I was planning to ask my doctor (an internist) for a referral to an endocrinologist. I thought maybe I'd get more aggressive treatment and relevant testing. I've started to realize that m doctor will probably go along with any additional tests that I feel are necessary, and he's always advocated for any devices that my insurance will cover. My long term relationship with him is good and we have mutual respect for each other. I feel pretty lucky to have him as my doctor. I decided to ask for a referral to a podiatrist for my plantar fasciitis, but held off on the endo request.

Thursday, October 25, 2012

Great post for T1 peeps, finally.

MarksDailyApple is one of my favorite blogs for diet and health topics, but I don't know if I remember Type 1 Diabetes ever being discussed as a main topic. Here it is.

I'm practicing many of the things that are mentioned as helpful for T1Ds. I think sleep is a factor that I didn't think mattered too much, but when I started sleeping the right amount, my insulin resistance really fell off.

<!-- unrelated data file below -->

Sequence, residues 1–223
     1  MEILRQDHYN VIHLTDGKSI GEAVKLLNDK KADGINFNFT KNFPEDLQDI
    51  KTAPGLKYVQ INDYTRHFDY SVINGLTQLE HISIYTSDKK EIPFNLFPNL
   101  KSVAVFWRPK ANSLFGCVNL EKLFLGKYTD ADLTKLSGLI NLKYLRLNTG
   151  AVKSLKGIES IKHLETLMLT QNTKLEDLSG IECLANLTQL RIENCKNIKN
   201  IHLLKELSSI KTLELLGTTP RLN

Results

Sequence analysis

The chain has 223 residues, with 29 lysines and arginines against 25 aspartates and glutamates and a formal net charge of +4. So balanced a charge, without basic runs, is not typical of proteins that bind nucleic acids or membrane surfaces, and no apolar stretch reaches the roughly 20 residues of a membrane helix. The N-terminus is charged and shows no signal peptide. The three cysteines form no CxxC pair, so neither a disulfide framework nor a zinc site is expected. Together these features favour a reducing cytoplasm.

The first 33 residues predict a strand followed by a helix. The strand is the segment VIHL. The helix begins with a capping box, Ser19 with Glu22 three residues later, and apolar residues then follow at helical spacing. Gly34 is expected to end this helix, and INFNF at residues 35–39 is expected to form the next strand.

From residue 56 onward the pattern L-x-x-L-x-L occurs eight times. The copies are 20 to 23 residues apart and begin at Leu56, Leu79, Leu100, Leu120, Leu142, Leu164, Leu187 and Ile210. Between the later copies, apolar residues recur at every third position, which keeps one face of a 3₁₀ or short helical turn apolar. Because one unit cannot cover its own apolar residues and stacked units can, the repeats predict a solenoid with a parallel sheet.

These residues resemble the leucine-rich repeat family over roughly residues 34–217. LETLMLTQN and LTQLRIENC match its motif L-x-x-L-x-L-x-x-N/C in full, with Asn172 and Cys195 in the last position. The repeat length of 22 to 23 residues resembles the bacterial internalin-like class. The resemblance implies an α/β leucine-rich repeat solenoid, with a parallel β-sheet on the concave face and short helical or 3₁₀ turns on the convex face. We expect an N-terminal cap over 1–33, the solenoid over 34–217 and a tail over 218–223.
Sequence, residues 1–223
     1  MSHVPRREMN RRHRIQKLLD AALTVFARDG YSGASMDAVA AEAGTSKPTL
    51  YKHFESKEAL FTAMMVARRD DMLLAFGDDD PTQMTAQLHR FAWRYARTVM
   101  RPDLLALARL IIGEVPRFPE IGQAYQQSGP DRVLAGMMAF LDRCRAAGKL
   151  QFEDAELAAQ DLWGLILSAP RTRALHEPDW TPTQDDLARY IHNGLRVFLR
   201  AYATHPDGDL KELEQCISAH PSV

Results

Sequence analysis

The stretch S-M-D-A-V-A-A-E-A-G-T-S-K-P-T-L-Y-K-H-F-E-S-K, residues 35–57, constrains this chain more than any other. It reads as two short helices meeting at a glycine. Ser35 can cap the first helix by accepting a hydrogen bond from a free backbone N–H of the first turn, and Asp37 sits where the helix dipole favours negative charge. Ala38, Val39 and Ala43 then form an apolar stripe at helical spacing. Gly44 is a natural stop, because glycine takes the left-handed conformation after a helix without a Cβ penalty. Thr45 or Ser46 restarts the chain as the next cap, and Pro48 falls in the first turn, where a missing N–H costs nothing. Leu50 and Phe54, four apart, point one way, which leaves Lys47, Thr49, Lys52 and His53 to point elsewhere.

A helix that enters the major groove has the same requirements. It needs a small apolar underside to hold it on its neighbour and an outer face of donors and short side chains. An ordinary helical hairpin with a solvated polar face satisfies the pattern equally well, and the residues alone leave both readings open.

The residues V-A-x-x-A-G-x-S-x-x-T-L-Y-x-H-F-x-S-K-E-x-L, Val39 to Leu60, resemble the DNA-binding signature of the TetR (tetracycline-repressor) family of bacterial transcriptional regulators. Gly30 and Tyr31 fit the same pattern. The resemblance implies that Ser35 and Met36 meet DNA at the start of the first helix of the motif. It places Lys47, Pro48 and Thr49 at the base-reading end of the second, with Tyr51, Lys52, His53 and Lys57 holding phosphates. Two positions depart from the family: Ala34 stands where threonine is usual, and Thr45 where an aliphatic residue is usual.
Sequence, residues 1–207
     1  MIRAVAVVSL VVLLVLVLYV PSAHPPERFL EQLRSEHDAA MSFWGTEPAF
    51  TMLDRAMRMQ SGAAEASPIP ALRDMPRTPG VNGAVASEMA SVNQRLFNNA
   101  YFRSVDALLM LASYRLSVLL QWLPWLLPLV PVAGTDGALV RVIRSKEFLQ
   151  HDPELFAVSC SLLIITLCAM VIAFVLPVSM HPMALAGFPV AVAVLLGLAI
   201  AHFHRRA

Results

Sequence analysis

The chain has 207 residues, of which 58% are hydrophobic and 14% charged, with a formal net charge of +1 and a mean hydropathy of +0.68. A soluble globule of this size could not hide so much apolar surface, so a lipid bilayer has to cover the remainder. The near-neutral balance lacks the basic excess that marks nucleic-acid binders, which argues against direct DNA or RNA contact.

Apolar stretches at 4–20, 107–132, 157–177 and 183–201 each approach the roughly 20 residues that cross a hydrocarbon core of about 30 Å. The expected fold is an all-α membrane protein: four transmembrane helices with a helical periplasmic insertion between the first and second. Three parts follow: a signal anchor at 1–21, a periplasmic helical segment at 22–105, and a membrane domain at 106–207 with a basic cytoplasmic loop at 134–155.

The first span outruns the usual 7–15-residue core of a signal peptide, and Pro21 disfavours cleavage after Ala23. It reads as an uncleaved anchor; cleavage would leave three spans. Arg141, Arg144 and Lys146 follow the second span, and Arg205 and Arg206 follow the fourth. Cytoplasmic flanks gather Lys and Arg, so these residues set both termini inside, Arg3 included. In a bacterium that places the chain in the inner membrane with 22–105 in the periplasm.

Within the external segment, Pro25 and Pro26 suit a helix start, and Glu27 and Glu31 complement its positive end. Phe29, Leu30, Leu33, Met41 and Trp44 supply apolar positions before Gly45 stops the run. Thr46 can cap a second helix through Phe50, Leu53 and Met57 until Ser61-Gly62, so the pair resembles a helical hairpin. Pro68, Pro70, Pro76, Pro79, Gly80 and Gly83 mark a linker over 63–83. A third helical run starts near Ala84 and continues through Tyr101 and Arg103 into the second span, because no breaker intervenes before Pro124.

Friday, October 19, 2012

Blood draw today!

I've been thinking I had a few things to write about, but, nothing earth shattering.

Immediately, I'm getting blood drawn today for my 6 month panel. My doctor is open to my suggestions and this time around I asked him for a more comprehensive tests for my thyroid levels. I've also asked for a Vitamin D metric so I will know if supplementation has been helpful. With the way things usually go, I'll have some results delivered to my phone by about Tuesday. In the meantime, I'm drinking black coffee, and it's kind of sad.